There is an opportunity to re-vitalise town centres by protecting them from road traffic. Just as in airports and some pedestrianised areas such as the Metro Centre, there can be interlocking fingers for connecting and delivery traffic. But those examples are on a small scale. Town centres could have much larger pedestrianised areas. There must be appropriate local infrastructure such as baggage storage, internal transport like electric vehicles and moving pavements, security and space for relaxation - these things are not new even to the 1990s, some will develop spontaneously in stable schemes.
4. Responses to questions asked
Qu1. The aims in paragraph 10 are good, particularly with environmental objectives at the head of the list. They could be improved by including
the enhancement of quality of life as a guiding principle
energy in the third aim (promoting greater efficiency)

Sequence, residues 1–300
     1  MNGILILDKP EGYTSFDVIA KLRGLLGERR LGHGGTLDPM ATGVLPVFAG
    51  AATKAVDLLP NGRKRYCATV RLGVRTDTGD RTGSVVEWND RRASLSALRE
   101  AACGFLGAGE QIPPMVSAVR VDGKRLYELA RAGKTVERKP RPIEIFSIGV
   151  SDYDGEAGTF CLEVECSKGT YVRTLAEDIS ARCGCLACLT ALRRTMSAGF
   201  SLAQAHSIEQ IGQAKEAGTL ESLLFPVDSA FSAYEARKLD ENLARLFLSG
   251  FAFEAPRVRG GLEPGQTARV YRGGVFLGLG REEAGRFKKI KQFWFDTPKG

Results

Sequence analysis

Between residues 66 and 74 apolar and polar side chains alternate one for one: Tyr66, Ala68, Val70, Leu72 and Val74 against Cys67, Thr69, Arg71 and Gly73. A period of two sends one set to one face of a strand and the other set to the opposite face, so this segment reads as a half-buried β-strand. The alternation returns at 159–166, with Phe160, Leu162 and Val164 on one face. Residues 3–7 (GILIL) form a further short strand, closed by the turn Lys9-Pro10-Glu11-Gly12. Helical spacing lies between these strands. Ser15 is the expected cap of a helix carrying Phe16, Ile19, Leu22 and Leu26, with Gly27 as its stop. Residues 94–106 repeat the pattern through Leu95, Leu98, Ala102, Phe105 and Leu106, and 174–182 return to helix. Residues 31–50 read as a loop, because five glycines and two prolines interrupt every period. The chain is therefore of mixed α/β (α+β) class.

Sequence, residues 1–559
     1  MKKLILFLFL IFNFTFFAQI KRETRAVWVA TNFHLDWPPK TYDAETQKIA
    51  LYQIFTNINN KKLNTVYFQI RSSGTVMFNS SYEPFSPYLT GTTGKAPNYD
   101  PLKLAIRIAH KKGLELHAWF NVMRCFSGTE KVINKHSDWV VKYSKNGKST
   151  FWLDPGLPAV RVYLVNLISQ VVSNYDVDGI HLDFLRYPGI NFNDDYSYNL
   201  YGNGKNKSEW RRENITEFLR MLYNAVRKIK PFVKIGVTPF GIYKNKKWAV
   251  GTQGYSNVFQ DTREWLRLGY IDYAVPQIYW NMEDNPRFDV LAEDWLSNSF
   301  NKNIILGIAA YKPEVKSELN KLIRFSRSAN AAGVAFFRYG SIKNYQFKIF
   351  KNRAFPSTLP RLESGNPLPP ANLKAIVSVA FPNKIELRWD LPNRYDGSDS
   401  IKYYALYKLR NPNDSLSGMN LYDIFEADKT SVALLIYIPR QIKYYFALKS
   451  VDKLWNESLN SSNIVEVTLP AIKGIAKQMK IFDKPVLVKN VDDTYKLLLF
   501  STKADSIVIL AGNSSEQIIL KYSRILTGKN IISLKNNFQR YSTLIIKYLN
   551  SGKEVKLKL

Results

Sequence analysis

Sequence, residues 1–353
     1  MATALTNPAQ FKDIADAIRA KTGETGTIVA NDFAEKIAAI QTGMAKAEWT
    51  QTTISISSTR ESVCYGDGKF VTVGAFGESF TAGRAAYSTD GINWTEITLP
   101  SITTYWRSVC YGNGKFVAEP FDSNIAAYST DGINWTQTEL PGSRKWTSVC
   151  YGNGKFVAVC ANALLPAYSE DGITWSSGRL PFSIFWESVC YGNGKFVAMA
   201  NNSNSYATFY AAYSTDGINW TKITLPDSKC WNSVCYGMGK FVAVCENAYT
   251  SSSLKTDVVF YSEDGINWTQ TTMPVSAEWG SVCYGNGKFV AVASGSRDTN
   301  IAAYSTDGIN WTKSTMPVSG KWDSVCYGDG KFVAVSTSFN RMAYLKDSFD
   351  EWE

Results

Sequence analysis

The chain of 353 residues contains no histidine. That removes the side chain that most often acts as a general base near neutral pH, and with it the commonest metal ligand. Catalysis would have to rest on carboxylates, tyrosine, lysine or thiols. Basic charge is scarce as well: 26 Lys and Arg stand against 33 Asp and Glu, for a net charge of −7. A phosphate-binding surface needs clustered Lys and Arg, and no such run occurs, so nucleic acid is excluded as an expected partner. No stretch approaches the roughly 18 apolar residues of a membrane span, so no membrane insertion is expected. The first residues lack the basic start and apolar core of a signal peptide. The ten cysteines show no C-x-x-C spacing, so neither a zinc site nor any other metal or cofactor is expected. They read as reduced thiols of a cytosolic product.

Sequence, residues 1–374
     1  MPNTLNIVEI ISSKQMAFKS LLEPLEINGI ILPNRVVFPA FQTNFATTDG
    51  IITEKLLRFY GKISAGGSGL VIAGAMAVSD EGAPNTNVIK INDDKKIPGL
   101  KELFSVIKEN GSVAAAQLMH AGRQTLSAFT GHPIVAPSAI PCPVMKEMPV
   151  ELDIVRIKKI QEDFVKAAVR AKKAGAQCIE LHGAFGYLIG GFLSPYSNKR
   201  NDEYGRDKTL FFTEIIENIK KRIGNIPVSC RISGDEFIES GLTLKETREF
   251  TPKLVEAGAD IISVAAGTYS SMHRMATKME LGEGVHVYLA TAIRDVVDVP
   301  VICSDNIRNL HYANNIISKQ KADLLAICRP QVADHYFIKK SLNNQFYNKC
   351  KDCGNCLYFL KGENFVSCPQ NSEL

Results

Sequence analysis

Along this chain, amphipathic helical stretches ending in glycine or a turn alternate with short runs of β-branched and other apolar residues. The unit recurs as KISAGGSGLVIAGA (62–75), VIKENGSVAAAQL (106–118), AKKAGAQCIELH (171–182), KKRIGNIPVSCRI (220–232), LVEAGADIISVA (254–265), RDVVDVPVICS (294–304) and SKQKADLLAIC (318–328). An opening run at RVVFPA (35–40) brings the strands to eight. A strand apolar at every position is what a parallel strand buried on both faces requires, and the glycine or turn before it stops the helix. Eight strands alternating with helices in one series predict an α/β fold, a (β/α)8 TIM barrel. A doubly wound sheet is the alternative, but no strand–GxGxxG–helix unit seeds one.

reducing unnecessary transport and promoting alternatives such as telematics.
Qu3. Better regulation and improved cost-reflectivity could incentivise useful changes.
Qu4. Restrain motor traffic by cost-reflective charging, for fuel and road and zone use and taxing motor advertising. This will stimulate local economy and will not damage exports.
Qu5, 8, 12, 14, 19, 22. See above notes section 2 on cost-reflectivity.
Qu13. See above notes section 1 on integration, energy and water.
Qu17. Yes, definitely, no matter how the receipts are used.
Qu24. By restraining damaging extravagances and using concessions.
Qu27. See above notes section 1 on integration, energy and water.
M J OCarroll